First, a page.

Why intellectual property is no longer a purely legal matter…or why it shouldn’t be?
16th May 2017
The title may cause some upheaval with my attorney colleagues and lawyer friends, but I am willing to take that risk. Since you decided to give this article a try, I have a feeling that you already know what IP, short for intellectual property, is so I will spare you the pitch on patents, trade marks, designs etc. and why you should have them. Historically, IP was a matter requiring legal professionals as it was and still is used to obtain exclusive rights to keep competitors out, secure (some) exclusivity in the market and/or protect your brand. In case someone infringes these rights, you are entitled to act. So far, my title doesn’t seem to hold, does it? The consequence of having IP “managed” by legal professionals is that it has become rather complicated to understand from an outsiders point of view. One may be able to understand the technical side of a patent, however only very few CEOs are aware of e.g. the patenting process and the time and costs involved. Just ask your finance director... Note that I refer to the CEO as IP is often left to be managed by him or her. In effect, you leave something extremely important, expensive and complicated to the leading figure of the company, with the board expecting him/her to manage it correctly. Sadly, many CEOs do not comprehend IP well enough to manage it correctly, or exploit it fully or can spend enough time on IP matters. Just check that meagre 1-page IP section somewhere in chapter 6 of the company’s business plan. If advice is required, this advice often comes from, yes, legal professionals (and hey presto! we have come full circle!!). Now I ask you, what if you could get your information from someone who speaks your language, or even better, from the Internet? Management of IP requires a specialist Some large corporates or well informed SMEs employ IP managers, specialists in IP management taking the burden of IP from the CEO. Interestingly they often do not have a legal background but come from R&D, marketing or commercial roles and picked up IP expertise along the way.So, what is it that these people do that an attorney cannot? For a start, don’t be surprised if your first encounter with these specialists will not focus on IP at all, but solely on the business, the objectives, vision, sales, marketing, R&D and product management. To many CEOs surprise, such IP audits reveal hidden knowledge that could unlock extra revenue streams. Only when all this information is digested, the company’s IP strategy can be formed. Secondly, mapping your competitor’s IP and making sense of it is only rarely part of the usual attorneys’ offering. Isn’t that ironic, blocking competitors via IP is their speciality, but mapping and understanding your competitors’ IP and the strategic impact is not? Both exercises do not necessarily require an attorney, do they? I already mentioned that IP can be used to unlock new revenue streams, think licensing. Yes, licensing deals are a speciality in the legal profession, but ask yourself this: what is the value of the IP you are going to license? Ask you accountant or attorney and be ready for a frown or two. Only very few specialists exist that are creditable IP valuers whose opinion counts, and are expert witnesses. Big Data and Intellectual Property I mentioned the internet. IP is public and databases such as Espacenet and WIPO can be accessed free of charge. Now what would happen if you cross all this data with other databases and smart algorithms (think Big Data)? Recent developments have resulted in powerful database tools that enable IP spending, geographical information, portfolio size and even litigation status information to be presented in clear infographics and, best of all, in a matter of seconds and without consulting a legal professional. Unsurprisingly, these systems are finding their way into the IP manager’s toolbox. Finally, traditional IP firms have started to offer additional IP services by hiring non-legal staff to meet the changes in IP services or collaborate with specialist service providers, acknowledging the change. Better awareness about how to use IP, technological advances and the acknowledgement from the legal community can only means one thing: IP is changing and you should not miss out benefiting from it!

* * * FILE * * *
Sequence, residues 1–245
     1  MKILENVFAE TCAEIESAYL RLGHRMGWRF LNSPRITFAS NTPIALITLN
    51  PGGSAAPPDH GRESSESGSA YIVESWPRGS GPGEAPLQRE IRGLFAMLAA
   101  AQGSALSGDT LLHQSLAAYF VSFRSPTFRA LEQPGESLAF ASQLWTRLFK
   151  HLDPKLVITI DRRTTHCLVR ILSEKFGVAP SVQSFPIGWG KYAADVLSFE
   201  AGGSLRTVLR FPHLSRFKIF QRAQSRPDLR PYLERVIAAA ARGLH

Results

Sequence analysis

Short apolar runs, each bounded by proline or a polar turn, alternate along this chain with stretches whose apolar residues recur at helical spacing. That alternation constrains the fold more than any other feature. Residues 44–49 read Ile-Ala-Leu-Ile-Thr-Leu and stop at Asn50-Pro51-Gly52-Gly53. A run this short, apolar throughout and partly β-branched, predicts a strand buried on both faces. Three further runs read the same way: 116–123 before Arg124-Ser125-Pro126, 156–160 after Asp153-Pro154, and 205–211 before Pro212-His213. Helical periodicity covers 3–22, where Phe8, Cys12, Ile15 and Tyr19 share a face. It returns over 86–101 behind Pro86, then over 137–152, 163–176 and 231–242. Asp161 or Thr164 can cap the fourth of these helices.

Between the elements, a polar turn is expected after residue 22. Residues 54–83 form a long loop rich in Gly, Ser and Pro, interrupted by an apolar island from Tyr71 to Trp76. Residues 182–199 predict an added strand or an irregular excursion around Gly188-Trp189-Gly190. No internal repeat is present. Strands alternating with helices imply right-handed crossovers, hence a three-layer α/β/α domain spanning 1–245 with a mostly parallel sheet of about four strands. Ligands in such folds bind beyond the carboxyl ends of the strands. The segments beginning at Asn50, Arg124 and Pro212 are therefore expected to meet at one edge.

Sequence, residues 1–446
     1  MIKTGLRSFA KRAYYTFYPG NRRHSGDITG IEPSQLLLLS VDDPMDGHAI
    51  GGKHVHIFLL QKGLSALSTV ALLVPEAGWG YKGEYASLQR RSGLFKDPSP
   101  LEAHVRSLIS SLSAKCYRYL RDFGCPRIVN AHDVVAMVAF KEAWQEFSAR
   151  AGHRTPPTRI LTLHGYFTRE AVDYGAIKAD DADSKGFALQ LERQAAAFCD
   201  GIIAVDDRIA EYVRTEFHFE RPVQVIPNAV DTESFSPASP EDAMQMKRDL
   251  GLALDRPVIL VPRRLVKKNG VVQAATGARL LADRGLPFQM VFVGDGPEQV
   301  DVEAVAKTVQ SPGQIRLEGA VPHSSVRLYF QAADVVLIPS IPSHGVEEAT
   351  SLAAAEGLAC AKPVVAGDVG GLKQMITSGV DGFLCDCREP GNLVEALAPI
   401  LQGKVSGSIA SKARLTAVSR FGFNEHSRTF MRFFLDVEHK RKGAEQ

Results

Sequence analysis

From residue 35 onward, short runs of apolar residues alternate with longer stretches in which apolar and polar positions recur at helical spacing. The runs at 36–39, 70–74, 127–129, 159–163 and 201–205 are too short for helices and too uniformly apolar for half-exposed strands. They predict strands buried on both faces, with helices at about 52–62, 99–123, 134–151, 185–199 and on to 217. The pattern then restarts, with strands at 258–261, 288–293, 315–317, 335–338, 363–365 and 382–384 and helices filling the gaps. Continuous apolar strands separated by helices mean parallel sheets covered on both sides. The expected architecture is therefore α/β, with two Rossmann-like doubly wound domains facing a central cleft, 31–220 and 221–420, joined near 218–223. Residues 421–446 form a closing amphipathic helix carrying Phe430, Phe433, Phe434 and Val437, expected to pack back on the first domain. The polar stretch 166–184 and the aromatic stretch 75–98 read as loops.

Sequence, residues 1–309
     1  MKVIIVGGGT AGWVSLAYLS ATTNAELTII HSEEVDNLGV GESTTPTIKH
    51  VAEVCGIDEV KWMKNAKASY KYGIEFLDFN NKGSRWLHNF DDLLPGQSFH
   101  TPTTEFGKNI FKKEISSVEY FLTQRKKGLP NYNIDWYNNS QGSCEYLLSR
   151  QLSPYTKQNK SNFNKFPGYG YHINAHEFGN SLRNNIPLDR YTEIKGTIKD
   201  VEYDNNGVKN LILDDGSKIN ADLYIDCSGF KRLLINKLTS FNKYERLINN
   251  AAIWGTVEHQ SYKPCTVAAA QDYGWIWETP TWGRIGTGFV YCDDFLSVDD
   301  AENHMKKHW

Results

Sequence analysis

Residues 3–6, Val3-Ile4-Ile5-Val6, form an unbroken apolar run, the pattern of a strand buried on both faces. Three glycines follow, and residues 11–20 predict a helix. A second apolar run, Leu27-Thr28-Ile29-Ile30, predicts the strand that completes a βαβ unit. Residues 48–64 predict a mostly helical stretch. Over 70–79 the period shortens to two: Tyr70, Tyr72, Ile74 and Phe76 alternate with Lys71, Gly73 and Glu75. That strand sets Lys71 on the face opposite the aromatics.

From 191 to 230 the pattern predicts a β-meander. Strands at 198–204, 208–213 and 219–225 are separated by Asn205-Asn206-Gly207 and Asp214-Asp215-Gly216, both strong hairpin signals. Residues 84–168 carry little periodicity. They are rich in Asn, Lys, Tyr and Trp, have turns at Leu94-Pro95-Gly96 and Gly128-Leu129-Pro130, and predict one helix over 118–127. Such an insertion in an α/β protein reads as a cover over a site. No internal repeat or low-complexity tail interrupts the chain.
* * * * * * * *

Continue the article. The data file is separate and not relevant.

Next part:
About the author

Coller IP
Marco Thio is responsible for Coller IP‰Ûªs Business Development activities. Coller IP is one of the UK‰Ûªs leading IP strategy, valuation & monetisation firms.

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